Prime Numbers – Expanded Modivations and Definitions

The explanation of primes, and their importance to number theory by definition must be both explainable, and justifiable with words as mathematics is an extension of language. That extension is by way of the principle that mathematics consists of ideas that are not only consistent, they are also communicable. Our proof that shows that an transfinite number of primes exists, does so by method of substitution. The principle that an entire idea can be expressible in a single symbol. It is quite possible to reverse substitute all of the mathematical symbols for the language that defines each symbol. Though the proof would become exceedingly long.

Basis for all numbers, and by consequence the basis of Number Theory, stems from the principle that all numbers are products of primes. This is the definition of Prime Factorization. What prime factorization does for us is put the composites in terms of primes. Further, the Sieve method eliminates composite numbers by consequence of their not meeting the definition of prime. That definition being any number that has exactly two factors, one, and itself. By this definition all negative numbers are not prime because they contain the additional factor of negative one. A composite number would be any number that contains more than two factors. Such as four, for example, in that Four has the factors of one, two, and four.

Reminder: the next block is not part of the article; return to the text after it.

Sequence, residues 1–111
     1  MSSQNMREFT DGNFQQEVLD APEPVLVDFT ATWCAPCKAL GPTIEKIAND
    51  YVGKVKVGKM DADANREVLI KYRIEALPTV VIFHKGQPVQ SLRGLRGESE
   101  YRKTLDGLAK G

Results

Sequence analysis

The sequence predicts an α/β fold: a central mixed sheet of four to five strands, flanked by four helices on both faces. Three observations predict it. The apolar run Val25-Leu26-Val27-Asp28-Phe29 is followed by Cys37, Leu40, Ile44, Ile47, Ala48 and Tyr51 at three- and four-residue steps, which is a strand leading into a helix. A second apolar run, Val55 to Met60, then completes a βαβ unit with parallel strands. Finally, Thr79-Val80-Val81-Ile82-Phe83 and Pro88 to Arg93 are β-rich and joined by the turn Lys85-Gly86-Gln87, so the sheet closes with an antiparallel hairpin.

For primes this is obvious by the given definition, but less so for composites. Each composite number essentially is an unfactored product of primes. Knowing this further helps us when we reach beyond the primes we know into the realm of higher primes. This is quintessential when we are working with things like the Euclid algorithm or the Sieve algorithm. At this point eliminating numbers that are not prime is the only real method we know to find primes, which returns us the the “basis for all numbers” hinted at earlier.

Experiments in Periodicity; Arthur

Reoccurring themes is a theme that has been reoccurring in this class so far, and further evidence in this reoccurrences is an experiment in Periodicity. The section begins with Sine(x) as an example in periodic functions, but other functions also have periodicity such as modular arithmetic as discussed in other chapters.

Arthur, Interdependent Complexity

My name is Arthur and my favorite aspect of mathematics is not a particular field of theory, but rather how the fundamentals are used to describe systematically more complex applications of those core concepts. Two of the founding principles in mathematics come in the form of operations, one being the Symmetric Operation, and the other being the Inverse Operation. Continue reading